What are Trade Receivables and How to Calculate Them?

14 July, 2022
4min read
Terri Miller, Director of Business Operations
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What you'll learn

  • What are trade receivables? (With Example)
  • Why are trade receivables essential for businesses?
  • What are trade receivables financing
  • How can HighRadius help improve your trade receivables?
How to calculate trade receivables with a formula?
Why are trade receivables essential?
What is trade receivable financing?
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What Are Trade Accounts Receivables?

Trade receivables represent what customers owe a business for provided goods or services, also known as accounts receivable. This falls under current assets on a balance sheet, reflecting the company’s outstanding payments. Efficient management of trade receivables is crucial for maintaining healthy cash flow.

Most B2B businesses offer goods and services to customers on credit. Trade receivables is the amount that customers owe to a business when buying a product or service on credit. It is a key line item in the balance sheet and is listed under the current assets section due to its short conversion time into cash.

Trade receivables are called so because they arise from business trade deals between the company and a customer. A company’s balance sheet also has non-trade receivables, which make up the amount they will receive from other sources like tax rebates, refunds, insurance claims, and so on.

If you haven’t heard the term trade receivables before, it could be because they are more commonly known as accounts receivable (AR).

How to calculate trade receivables with a formula?

A business can calculate its trade receivables by summing up the amount that all its customers owe them. It is generally divided into two parts called debtors and bill receivables.

Trade Receivables = Debtors + Bill Receivables

Bill receivables are a formal agreement between a customer and the business agreeing to pay a certain amount within a particular period for the goods or services they receive. On the other hand, debtors are the bill receivables that remain unfulfilled on the due date.

Example of trade receivables

Company XYZ has bill receivables worth $150,000 and debtors worth $35,000 on its balance sheet. It also has an annual revenue of $750,000.
Trade receivables = Debtors + Bill Receivables
= $35,000 + $150,000
= $185,000
So, the total trade receivables of Company XYZ is $185,000.

Why are trade receivables essential?

trade receivables essential banner image

Trade receivables as a standalone metric don’t tell much about a business’s financial position. However, we can calculate the days sales outstanding (DSO) of a business with the trade receivables and annual revenue figures. 

DSO is indicative of a business’s ability to collect payments on time. Comparing it with the industry average DSO can help conclude if the business has a good cash flow or not. 

A business’s DSO must be as close to the industry average as possible if it wants to perform well. A low DSO is always preferred, but the business might be losing out on potential customers due to stringent credit terms if the DSO is too low. On the contrary, a high DSO means poor cash flow and low working capital.

Calculating DSO with trade receivables and interpreting it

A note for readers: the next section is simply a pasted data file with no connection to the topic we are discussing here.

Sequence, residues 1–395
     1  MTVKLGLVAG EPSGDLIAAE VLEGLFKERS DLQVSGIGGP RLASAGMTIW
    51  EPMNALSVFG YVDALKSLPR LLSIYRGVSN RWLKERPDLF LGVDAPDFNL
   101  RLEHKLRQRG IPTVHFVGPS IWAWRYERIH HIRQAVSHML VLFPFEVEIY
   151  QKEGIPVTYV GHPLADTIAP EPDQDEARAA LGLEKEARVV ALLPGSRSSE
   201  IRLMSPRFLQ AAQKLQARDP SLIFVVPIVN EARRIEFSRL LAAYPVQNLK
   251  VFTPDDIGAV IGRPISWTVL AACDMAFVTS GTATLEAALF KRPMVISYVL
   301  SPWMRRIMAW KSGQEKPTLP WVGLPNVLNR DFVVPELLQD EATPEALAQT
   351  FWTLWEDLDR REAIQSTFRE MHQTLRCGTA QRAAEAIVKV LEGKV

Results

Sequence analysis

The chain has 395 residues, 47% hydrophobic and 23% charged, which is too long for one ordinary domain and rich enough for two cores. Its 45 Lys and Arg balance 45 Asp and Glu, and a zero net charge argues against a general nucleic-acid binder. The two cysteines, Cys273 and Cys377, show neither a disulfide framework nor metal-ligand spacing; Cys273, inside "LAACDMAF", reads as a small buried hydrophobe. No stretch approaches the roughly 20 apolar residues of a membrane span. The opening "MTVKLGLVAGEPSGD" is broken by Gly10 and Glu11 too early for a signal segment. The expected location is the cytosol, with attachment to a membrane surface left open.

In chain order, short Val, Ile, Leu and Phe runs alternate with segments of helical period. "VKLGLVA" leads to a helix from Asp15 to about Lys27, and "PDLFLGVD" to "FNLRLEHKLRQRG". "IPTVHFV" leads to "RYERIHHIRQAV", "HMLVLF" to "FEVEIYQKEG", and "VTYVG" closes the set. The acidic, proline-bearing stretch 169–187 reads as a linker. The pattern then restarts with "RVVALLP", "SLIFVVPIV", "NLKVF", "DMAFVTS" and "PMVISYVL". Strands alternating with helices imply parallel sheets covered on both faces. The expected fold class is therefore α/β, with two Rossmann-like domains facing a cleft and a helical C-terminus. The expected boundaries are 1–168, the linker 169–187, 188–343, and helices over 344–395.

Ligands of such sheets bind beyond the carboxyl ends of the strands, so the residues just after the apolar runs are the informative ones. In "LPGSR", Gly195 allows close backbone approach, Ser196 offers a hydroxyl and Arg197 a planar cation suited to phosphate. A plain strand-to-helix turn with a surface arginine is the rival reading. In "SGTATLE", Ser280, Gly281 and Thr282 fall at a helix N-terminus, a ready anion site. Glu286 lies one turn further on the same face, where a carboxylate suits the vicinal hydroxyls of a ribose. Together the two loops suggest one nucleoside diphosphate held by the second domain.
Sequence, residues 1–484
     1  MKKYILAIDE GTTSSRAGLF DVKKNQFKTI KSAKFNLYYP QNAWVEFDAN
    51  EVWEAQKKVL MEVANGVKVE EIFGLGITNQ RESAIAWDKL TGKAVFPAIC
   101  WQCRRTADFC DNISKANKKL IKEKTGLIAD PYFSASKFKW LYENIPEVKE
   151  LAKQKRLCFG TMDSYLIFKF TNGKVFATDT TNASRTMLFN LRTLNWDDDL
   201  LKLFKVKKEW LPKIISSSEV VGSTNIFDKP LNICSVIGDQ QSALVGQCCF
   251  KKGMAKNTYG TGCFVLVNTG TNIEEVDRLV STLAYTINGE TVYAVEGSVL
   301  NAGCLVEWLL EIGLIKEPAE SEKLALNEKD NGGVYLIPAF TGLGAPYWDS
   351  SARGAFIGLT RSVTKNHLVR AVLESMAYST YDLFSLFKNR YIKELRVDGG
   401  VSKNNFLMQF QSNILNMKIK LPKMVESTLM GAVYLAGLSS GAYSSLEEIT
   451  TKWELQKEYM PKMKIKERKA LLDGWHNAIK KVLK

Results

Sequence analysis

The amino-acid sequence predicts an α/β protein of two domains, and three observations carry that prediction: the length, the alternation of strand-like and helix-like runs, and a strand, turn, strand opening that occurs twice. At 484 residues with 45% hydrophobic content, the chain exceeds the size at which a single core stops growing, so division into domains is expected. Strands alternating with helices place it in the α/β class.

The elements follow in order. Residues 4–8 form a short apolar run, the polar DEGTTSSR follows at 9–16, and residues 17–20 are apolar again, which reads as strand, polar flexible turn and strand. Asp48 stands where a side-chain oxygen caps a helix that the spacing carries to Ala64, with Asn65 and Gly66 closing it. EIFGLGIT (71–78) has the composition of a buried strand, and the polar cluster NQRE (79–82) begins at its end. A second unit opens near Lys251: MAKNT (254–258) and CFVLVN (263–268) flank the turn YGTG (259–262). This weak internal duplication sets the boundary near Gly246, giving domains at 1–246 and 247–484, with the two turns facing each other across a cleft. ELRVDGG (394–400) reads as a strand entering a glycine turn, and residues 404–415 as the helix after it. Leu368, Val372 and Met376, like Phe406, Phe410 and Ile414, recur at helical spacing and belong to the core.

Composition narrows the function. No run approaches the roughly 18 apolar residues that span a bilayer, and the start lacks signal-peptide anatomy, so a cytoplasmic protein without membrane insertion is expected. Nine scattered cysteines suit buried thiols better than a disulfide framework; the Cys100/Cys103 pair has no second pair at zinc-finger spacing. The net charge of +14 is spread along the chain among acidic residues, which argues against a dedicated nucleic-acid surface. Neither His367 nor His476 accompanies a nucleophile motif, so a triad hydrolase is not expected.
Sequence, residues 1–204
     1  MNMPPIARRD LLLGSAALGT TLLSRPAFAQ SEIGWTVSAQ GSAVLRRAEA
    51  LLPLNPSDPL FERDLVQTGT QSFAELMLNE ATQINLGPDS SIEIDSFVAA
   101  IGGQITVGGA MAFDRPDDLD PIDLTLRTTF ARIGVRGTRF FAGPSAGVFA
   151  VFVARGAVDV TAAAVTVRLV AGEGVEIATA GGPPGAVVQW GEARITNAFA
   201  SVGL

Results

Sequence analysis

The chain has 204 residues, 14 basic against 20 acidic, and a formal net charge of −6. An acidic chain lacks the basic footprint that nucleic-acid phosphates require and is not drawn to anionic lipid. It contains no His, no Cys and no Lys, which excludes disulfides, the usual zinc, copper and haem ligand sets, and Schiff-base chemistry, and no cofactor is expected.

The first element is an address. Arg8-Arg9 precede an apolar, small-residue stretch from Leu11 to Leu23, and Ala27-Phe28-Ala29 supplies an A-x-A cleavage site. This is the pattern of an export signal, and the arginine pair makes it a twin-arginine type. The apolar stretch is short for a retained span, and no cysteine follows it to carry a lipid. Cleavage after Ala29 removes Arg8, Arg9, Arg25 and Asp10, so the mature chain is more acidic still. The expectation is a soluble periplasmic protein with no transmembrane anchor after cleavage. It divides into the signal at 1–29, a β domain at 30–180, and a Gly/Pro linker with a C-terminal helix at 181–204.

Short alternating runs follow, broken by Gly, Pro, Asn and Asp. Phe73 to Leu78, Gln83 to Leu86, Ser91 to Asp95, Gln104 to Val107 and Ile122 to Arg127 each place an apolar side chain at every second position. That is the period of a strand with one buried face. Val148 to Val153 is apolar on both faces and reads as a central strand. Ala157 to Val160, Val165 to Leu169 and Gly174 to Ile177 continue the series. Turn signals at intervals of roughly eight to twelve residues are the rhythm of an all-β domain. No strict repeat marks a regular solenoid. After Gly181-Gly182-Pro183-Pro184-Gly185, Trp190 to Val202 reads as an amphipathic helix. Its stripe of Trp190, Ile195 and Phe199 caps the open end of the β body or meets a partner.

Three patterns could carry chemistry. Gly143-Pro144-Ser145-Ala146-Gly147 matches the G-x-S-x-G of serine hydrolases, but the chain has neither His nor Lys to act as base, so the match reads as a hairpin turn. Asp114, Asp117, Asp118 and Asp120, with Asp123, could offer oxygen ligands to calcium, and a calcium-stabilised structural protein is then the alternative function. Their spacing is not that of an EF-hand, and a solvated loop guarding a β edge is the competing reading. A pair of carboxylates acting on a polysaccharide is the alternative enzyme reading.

Let’s continue with the example from above. We found that the trade receivables for Company XYZ is $185,000, and they have annual revenue of $750,000. 

DSO = (trade receivable/ annual revenue)*365

= (185,000/750,000)*365


=89.79 ≈ 90 days

So, the DSO of company XYZ is 90 days.

Now, let’s say that Company XYZ is in the petroleum refining industry that has an average DSO of 25 (Source); then, comparatively, its DSO is very high and needs to be reduced. However, if it is in the building construction industry, then their 90 days DSO is very close to the industry average of 83, which is good.

What is trade receivable financing?

Trade receivables are an asset for a company. But if a business is not cash-rich and needs funds immediately for any reason, it can opt for trade receivables financing. Trade receivable financing allows businesses to raise funds against the invoices that customers owe them.

For example, let’s say company A receives an order to produce 100,000 chocolate bars for $800,000 which will be paid within 45 days by the customer. However, to produce the order, company A needs to procure raw materials, for which it needs capital. So, company A can use trade receivables financing to raise funds and fulfill the order.

Primary ways to finance trade receivables

There are two main ways by which a company can finance its trade receivables. They are:

  1. Invoice Discounting: In this method, a company sells its invoice(s) at a discount (generally 90%) to a third party and receives the money. So, when the customer pays for the order, it goes to the third party that purchased the invoice. In this case, the company is responsible for collecting the payment and paying the buyer of the invoice(s).
  2. Factoring: It is similar to invoice discounting, but the invoices sell for much lower (70%-90%). In factoring, the third party, called the ‘factor’, buys the invoice and is responsible for collecting the payment on behalf of the company. On receiving the payment, the factor takes their fee and sends the remaining amount to the company.


1) Is trade receivables an asset or liability?

Trade receivables fall under current assets on a balance sheet because they are expected to convert into cash in less than a year.

2) What are non-trade receivables?

Non-trade receivables are also assets, but as the name suggests, it doesn’t arise from the sale of goods or services. For example, insurance payouts or tax rebates on a balance sheet will fall under non-trade receivables until they are converted to cash.

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